• Hoist is also looking to mitigate this increase in risk weight through securitising portfolios. Investment banks have been mandated to carry out securitisation and Hoist has met with c. 10 investors and had positive feedback. A EUR 500-600m securitisation of the back book is being considered. This will further subordinate senior unsecured bondholders (beyond the subordination they already face to Hoist's depositors). We maintain our Avoid recommendation on all Hoist debt securities and its equity as per our recent note.

  • Key observation #4 - Portfolio carrying value growth of c. 40% yoy in 2018 was met with much more muted increases in P&L metrics - net interest income +5% yoy, Adj EBITDA +11% yoy - suggesting deteriorating return on capital. Even adjusting for the accounting difference between 2018 and 2017 (net interest income in 2017 included positive portfolio revaluations and collections outperformance whereas in 2018 revaluations and collections outperformance are shown as a separate line "impairment gains and losses"), net interest income still only increased c. 16% in 2018 compared to the c. 40% increase in portfolio carrying value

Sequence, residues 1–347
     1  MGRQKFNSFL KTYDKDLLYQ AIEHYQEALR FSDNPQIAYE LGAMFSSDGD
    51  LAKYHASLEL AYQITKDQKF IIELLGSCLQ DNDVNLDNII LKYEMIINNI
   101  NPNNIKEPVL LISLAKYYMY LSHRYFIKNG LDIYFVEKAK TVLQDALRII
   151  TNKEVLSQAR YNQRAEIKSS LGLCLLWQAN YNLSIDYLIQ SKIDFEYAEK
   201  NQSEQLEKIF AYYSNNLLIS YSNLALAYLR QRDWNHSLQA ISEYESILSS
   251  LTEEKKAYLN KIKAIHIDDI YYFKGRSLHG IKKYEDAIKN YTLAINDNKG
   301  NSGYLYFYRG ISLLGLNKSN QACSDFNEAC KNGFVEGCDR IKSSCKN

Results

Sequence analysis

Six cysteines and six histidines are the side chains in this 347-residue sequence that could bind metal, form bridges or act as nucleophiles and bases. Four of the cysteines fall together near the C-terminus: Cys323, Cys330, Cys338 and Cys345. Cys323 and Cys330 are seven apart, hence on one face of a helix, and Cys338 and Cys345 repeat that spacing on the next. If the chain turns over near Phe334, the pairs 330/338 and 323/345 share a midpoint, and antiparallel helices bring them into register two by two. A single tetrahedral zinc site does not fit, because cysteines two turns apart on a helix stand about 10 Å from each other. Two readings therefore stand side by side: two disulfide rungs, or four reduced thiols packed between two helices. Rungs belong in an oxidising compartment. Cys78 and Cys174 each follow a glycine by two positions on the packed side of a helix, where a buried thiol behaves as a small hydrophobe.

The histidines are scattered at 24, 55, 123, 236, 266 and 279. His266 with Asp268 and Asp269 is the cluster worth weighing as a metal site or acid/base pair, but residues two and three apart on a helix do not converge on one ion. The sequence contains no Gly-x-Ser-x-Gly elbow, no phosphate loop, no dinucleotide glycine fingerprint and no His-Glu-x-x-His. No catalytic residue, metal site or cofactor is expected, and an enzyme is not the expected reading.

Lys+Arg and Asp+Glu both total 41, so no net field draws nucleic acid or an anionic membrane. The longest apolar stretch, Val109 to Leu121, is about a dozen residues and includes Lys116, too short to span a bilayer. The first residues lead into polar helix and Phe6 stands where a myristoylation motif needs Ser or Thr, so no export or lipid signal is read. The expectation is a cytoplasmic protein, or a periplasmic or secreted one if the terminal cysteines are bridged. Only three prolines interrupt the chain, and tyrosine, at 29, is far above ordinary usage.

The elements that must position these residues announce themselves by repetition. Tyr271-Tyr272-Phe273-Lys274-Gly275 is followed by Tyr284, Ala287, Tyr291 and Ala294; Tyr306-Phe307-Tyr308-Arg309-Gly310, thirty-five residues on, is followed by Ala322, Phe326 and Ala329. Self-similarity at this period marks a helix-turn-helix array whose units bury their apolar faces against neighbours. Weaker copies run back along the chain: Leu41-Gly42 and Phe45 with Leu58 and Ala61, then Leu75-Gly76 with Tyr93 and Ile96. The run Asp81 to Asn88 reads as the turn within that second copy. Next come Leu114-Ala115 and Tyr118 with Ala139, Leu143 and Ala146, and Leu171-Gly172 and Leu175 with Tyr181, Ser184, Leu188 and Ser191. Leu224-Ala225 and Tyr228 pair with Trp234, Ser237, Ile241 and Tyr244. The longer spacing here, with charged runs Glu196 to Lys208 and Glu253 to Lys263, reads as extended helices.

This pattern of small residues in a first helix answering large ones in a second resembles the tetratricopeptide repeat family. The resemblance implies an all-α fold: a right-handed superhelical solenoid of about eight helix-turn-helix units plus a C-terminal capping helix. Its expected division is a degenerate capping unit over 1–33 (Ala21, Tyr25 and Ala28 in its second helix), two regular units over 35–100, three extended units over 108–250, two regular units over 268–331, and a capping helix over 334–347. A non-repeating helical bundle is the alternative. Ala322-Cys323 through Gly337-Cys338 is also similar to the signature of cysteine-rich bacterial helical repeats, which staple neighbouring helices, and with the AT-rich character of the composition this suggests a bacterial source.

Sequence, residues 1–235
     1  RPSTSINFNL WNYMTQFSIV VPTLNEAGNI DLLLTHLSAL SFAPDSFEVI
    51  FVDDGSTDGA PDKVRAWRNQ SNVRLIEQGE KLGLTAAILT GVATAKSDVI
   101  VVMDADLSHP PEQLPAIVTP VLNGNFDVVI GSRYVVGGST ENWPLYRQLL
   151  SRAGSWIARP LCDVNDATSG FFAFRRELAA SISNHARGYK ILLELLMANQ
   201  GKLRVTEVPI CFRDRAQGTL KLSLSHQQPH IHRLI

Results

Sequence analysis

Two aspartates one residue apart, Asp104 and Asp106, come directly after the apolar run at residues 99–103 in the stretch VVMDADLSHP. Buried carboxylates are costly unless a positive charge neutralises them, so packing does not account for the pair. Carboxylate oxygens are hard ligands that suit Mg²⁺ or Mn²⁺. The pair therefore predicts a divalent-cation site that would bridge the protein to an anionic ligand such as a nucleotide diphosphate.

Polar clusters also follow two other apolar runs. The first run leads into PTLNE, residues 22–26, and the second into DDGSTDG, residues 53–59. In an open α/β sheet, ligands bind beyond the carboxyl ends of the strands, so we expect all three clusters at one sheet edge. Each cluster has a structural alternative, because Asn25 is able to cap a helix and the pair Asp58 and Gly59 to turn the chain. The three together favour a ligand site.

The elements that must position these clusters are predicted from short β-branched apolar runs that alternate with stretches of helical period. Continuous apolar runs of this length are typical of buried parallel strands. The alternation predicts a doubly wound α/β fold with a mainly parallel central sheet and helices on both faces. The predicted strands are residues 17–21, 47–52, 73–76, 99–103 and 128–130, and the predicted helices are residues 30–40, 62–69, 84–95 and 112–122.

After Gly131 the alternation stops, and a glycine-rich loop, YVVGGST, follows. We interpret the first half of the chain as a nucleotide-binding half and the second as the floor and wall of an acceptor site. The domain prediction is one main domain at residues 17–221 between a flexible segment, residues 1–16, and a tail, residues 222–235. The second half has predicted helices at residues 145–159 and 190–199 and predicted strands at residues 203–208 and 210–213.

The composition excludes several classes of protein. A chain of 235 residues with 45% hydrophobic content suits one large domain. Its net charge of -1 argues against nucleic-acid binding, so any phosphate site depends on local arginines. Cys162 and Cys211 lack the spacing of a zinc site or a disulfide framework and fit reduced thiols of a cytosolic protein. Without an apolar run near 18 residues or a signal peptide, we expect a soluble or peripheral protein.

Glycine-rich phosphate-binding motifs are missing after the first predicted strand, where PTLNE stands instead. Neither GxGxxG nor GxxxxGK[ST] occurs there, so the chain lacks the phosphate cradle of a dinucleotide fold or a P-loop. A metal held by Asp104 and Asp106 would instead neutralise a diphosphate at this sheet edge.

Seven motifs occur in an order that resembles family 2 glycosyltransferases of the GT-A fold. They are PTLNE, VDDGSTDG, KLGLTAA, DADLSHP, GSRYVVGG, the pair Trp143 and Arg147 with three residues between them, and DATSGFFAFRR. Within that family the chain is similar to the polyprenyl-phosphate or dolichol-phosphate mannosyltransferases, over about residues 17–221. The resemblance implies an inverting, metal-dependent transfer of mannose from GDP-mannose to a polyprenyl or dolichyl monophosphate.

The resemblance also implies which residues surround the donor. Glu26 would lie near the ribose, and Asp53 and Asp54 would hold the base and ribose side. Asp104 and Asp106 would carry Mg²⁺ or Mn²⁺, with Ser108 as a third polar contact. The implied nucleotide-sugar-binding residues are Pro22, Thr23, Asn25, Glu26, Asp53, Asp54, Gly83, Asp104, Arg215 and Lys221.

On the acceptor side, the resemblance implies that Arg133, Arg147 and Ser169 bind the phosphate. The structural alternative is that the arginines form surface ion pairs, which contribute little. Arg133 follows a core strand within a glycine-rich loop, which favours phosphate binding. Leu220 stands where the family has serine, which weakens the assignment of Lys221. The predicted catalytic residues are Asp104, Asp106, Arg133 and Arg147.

Other observations

  1. Where is the operating leverage?! Portfolio carrying value increased 40% yoy in 2018. Yet the underlying cost-income ratio remains stubbornly in the low 70%s, albeit the company would attribute this to “investment” in the platform
  2. Hoist is guiding towards c. SEK 5bn portfolio purchases in 2019 and growing modestly thereafter if it is able to mitigate against the regulatory headwinds
  3. There will be no dividend for 2018 and 2019 and financial targets have all been lowered as a result of the regulatory headwinds
  4. Hoist’s actual to estimated collections came in at 105% for FY 2018 (103% in Q4 2018), the best in 5 years and close to its all-time best performance. We would view this as peak cycle collections outperformance and we remain concerned about how much downside risk there is in the ERC if breakage rates and new payer rates were to revert to levels of 5 to 7 years ago (see our debt purchaser note)
  5. Gross IRRs on new portfolio purchases increased in late 2018, back up to the level of the overall gross IRR on the entire book. Our own projections based on all-in net IRR, however, reveal a different trend (see our debt purchaser note)
  6. Digital efforts are showing some success, with 40% of 2018 UK portfolio purchases set up on payment platforms via Hoist’s self-service platform